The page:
Why are we so eager to search out scapegoats for the injustices of history? Whatever the reason, Christopher Columbus is now the fall guy for the sins of slavery, the exploitation of indigenous peoples, the rape of natural resources and most of the legal, financial and territorial abuses that followed the first European steps in the New World. His accusers want to eliminate Columbus Day and replace it with Indigenous Peoples Day.
Columbus is a 15th-century man in a 21st-century court, and the jury is stacked with self-righteous, injured parties who have 20-20 hindsight. Vilifying him won’t change the unfairness of history, but it will delegitimize the outright and undeniable contributions of Western civilization. Tearing down statues to him won’t undo the damage from two worlds colliding, but it will mask the progress and achievements that emerged from two worlds converging.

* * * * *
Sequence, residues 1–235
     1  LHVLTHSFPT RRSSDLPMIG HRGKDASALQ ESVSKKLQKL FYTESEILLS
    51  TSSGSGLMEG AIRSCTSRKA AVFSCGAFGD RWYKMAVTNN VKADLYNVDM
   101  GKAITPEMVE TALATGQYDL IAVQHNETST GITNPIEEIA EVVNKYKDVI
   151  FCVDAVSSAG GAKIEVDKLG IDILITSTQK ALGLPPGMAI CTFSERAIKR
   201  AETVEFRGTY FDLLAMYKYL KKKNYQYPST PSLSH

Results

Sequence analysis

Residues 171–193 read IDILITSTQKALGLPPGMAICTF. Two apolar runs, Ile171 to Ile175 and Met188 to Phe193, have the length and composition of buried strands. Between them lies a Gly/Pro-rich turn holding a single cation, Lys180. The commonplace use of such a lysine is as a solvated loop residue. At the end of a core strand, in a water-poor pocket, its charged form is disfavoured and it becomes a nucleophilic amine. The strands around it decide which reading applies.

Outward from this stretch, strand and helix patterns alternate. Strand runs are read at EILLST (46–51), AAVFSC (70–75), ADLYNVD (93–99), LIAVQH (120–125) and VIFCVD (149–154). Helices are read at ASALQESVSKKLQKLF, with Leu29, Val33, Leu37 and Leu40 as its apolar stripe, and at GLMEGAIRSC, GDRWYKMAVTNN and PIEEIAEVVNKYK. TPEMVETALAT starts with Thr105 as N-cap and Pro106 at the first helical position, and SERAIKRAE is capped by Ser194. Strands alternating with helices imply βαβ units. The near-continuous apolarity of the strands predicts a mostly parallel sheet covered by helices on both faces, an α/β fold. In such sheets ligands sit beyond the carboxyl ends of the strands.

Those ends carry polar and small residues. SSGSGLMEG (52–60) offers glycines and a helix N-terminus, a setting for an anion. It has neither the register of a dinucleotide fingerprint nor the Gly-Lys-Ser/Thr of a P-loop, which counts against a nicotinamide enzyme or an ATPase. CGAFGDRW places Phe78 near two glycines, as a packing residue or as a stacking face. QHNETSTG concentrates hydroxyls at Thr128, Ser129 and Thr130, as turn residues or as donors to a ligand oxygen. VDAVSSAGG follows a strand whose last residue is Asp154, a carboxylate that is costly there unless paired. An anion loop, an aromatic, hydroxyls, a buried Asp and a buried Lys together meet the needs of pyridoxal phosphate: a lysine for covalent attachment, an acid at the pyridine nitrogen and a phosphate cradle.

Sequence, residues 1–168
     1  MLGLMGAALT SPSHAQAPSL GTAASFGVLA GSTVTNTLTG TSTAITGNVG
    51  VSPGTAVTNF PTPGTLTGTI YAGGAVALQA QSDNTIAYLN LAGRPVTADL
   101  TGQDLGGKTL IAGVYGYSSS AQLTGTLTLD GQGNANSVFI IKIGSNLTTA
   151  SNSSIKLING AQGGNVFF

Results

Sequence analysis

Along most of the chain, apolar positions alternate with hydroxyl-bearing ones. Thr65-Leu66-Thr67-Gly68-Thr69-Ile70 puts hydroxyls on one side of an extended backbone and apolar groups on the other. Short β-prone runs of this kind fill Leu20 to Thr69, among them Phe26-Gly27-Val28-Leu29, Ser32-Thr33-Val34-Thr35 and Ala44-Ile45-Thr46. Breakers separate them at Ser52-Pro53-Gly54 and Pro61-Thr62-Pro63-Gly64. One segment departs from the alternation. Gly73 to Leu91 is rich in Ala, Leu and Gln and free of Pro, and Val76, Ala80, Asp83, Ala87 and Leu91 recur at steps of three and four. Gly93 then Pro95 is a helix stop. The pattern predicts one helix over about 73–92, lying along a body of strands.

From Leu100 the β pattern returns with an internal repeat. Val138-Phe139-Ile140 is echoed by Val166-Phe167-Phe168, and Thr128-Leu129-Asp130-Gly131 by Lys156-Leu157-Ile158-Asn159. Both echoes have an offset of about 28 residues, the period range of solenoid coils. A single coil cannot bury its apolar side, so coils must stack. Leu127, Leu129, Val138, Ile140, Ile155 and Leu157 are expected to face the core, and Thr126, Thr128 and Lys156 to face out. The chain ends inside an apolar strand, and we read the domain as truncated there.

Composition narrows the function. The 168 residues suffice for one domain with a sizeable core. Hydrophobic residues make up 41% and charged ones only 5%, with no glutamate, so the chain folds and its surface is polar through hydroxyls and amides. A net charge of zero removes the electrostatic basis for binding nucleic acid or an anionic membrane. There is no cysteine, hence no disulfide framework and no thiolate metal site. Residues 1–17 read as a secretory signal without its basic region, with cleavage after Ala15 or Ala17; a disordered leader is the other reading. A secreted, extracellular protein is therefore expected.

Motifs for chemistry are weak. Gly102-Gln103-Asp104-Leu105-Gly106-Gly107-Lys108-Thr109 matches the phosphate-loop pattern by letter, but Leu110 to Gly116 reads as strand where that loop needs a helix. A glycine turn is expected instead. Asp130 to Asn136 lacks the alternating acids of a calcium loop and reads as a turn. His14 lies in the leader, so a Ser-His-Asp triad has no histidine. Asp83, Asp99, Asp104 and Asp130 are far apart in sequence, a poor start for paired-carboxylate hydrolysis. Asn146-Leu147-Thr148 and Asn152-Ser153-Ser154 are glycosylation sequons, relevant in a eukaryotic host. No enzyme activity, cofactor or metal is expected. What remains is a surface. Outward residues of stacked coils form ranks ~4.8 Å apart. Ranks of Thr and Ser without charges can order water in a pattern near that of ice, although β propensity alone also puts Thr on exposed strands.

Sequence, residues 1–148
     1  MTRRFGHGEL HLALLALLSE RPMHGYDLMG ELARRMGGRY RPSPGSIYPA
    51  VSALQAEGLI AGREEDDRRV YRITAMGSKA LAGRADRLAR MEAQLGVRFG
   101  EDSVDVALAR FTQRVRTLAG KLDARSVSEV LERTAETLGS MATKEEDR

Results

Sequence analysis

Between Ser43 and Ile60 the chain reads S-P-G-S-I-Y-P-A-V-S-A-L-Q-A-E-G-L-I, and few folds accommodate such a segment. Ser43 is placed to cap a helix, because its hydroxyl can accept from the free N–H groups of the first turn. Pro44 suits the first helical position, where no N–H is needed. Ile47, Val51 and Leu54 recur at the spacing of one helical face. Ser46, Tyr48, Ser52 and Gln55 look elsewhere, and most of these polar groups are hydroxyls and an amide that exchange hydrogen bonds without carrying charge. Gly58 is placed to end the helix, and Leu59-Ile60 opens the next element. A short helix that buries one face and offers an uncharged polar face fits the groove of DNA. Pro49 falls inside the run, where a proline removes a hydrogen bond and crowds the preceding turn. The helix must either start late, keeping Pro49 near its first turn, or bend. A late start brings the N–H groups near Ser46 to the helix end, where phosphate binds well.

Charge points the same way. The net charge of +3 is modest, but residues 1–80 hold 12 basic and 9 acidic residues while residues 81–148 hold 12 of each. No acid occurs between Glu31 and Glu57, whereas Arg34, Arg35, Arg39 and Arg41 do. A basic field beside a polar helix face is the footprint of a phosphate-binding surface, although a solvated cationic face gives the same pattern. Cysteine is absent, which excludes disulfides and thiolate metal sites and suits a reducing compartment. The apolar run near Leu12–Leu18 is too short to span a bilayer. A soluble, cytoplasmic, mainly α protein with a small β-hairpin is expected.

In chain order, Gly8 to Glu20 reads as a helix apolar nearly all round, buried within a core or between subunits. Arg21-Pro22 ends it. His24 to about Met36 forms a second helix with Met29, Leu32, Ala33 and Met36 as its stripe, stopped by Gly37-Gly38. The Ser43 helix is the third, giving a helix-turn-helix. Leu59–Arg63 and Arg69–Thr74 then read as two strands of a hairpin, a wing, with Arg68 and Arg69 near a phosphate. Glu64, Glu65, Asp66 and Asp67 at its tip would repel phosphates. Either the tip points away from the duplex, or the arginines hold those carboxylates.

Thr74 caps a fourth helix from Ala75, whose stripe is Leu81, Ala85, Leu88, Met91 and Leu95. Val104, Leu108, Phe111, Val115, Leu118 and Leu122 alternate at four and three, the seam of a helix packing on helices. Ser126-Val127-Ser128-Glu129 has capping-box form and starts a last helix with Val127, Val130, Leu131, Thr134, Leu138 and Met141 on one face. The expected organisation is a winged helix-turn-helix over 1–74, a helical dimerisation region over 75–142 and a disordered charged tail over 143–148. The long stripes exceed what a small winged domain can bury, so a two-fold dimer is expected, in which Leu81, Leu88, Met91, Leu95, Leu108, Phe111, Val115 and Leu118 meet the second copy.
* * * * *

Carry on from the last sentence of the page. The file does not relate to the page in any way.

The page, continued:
Columbus Day exists for two reasons. The first: Columbus was the explorer who completed four recorded voyages across the Atlantic, showing great courage, determination and skill. His audacity and vision revolutionized worldwide human migration. Hundreds of millions of immigrants have followed his brave example over the course of more than five centuries. Today, his legacy endures in every immigrant who seeks opportunity and a better life.
The second reason is that on March 14, 1891, Italian Americans hit a low point in the long, arduous hazing period that every immigrant group seems condemned to suffer before emerging into the status of respectable American-hood. That year, an angry New Orleans mob lynched 11 Italian immigrants after they were cleared of murder charges. Perhaps the largest lynching in US history, it was condoned by the New York Times and a future president, Teddy Roosevelt.
Italian Americans desperately needed a hero to stand for them, someone to symbolize their contributions to their adopted land. The following year, Italian Americans in New York City erected a statue to Columbus at what became Columbus Circle and inscribed it, “To the world, he gave a world.”
Read the rest at: Christopher Columbus